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  1. #1

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    Another newbie question - re: stuck f-stop

    Hi all,

    I just acquired an old calumet 4x5 monorail and i believe there may be a problem with one of the lenses. The lens is a Schneider Kreuznach 210mm Symmar-S mounted in a Compur 1 shutter. The shutter seems to work fine as far as speed but I'm not sure how to change the f-stop. I'm assuming I should just be able to move the setting but there is resistance and I don't want to force it for fear of really making things worse. Any thoughts or pearls of wisdom that someone can share?

    One other thing - can someome tell me what the 'T' setting is for? It's just after the 'B' setting - I'm assuming timer but not sure.

    Thanks!

    Delano

  2. #2

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    Correction - - It's actually a Copal no.1 shutter.

    thanks,

    Delano

  3. #3
    clogz's Avatar
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    I think the Tsetting stands for time i.e. long exposures. B is for bulb (flashgun). Sorrey but I can't give you any advice on setting the F-stops.
    Hans
    Digital is best taken with a grain of silver.

  4. #4
    L Gebhardt's Avatar
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    Quote Originally Posted by delano
    Hi all,

    I just acquired an old calumet 4x5 monorail and i believe there may be a problem with one of the lenses. The lens is a Schneider Kreuznach 210mm Symmar-S mounted in a Compur 1 shutter. The shutter seems to work fine as far as speed but I'm not sure how to change the f-stop. I'm assuming I should just be able to move the setting but there is resistance and I don't want to force it for fear of really making things worse. Any thoughts or pearls of wisdom that someone can share?

    One other thing - can someome tell me what the 'T' setting is for? It's just after the 'B' setting - I'm assuming timer but not sure.

    Thanks!

    Delano
    It should just move. Try taking the lens off of the board and see if the lensboard is binding in the aperture ring. If it is not, I would send it off to SK grimes to get a CLA (clean, lube, adjust). Even if you get it to move, a CLA would still be a good idea for a used lens.

    The B (bulb) setting keeps the shutter open as long as you hold the shutter release. The T (time) setting will open the shutter on the first press and close it on the second press.

  5. #5
    gma
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    Please do not force the dial. Shutters are precision mechanisms with fragile components and require care in handling.

  6. #6

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    Thank you all for your replies. Do I need any special tool to take the lens off and do I need to be mindful of anything special when removing the lens?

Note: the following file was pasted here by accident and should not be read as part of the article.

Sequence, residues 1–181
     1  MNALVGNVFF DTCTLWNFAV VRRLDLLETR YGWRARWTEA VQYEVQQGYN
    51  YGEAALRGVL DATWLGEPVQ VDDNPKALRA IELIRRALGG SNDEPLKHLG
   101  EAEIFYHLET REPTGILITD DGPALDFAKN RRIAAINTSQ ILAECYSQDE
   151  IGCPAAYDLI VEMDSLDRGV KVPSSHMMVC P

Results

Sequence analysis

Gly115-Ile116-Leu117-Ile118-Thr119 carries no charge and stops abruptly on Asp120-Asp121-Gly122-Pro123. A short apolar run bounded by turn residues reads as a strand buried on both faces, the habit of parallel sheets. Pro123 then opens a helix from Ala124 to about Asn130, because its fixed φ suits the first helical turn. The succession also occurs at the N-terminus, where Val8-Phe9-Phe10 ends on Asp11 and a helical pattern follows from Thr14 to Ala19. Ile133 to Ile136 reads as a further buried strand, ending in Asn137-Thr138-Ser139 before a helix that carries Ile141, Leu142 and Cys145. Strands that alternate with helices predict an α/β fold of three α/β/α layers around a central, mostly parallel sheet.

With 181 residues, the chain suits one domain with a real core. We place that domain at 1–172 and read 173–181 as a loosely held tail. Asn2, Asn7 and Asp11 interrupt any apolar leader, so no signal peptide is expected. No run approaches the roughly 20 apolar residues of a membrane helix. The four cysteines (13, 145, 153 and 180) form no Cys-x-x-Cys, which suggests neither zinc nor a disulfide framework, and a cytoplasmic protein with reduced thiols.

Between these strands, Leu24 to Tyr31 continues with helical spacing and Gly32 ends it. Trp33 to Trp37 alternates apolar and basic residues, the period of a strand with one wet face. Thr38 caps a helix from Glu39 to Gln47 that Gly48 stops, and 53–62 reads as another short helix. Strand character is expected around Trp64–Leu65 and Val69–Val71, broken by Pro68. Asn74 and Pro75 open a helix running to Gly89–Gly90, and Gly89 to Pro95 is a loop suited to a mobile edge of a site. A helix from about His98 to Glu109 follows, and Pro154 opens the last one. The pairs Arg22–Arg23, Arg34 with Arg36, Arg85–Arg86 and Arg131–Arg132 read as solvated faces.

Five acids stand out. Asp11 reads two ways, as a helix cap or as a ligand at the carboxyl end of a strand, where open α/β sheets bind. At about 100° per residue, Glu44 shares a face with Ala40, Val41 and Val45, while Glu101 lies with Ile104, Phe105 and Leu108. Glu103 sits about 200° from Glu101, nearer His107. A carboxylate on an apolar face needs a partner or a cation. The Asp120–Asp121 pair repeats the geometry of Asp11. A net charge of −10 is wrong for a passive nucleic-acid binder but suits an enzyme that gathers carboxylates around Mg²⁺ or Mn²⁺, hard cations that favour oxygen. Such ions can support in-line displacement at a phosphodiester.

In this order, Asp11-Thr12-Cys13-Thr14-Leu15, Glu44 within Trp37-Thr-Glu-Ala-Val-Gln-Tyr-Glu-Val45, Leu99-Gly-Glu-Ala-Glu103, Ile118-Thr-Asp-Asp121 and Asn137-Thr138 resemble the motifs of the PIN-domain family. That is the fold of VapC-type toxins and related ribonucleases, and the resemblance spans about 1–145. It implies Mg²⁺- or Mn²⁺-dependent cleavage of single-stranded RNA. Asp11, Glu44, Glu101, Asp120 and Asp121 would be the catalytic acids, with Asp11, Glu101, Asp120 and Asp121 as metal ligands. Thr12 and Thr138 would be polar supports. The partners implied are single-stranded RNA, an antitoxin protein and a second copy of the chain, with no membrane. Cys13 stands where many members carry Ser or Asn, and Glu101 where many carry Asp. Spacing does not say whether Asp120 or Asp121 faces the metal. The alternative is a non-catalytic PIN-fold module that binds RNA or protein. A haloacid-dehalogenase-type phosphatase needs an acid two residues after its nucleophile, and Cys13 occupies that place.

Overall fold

thanks again!

    Delano

  7. #7
    L Gebhardt's Avatar
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    Quote Originally Posted by delano
    Thank you all for your replies. Do I need any special tool to take the lens off and do I need to be mindful of anything special when removing the lens?

    thanks again!

    Delano
    You use a lens wrench. First unscrew the lens elements and then you can see the retaining ring. I have used a flat scew driver, but I would not recomend this.

  8. #8

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    Do not unscrew the lens elements!!!

    Hello Delano, I live down in Wimberley and may be able to help you out with this lens if you want. But first, I hope that you have not taken apart the elements of the lens. I doubt that L Gebhardt actually meant that you should take them apart, but that is what his posting sounds like. What you do is unscrew the entire rear group or "cell", usually by just grabbing it with your hand and holding the shutter with your other hand, making sure not to grab something delicate on the shutter. Then you can see the retaining ring that holds the lens to the lens board, and you probably will need a "lens wrench" to get that off, but sometimes you can lossen it by turning the shutter--that is, if the shutter does not have the little screw in its back that prevents it from turning on the board. Don't force anything too hard. If the shutter is in good condition, then the aperture control ring is probably just binding on the lens board do to faulty mounting, as L Gebhardt suggested. If you can get to the point were you have the shutter off of the board and the aperture works fine, then you know that it was not mounted properly. Either the hole in the board is too large for the shutter, or there may be no recess in the board for the little screw on the back of the shutter, or the board may not be flat, or ??. The part of the shutter that rests against the lens board provides only a small amount of space for the aperture control ring, so it must be properly mounted to the board. If you want some hands on help with this, let me know and we may be able to meet somewhere between Austin and Wimberley.

  9. #9

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    David,

    thanks so much for the response. I apologize for the delay in getting back to you. With the latest addition of our fourth child my time just seems to slip by each day! I did simply remove the entire rear group. This allowed me to loosen the retaining ring on the shutter and remove it off the lensboard. I was able to move the aperature ring but it still is a bit stiff so I imagine I need to have it CLA'd. Do you know of any place locally that can do it?

    Thanks again for your time, David.

    Delano

  10. #10
    gma
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    Ask Precision Camera & Video at 38th and Lamar. I think they can repair almost anything.

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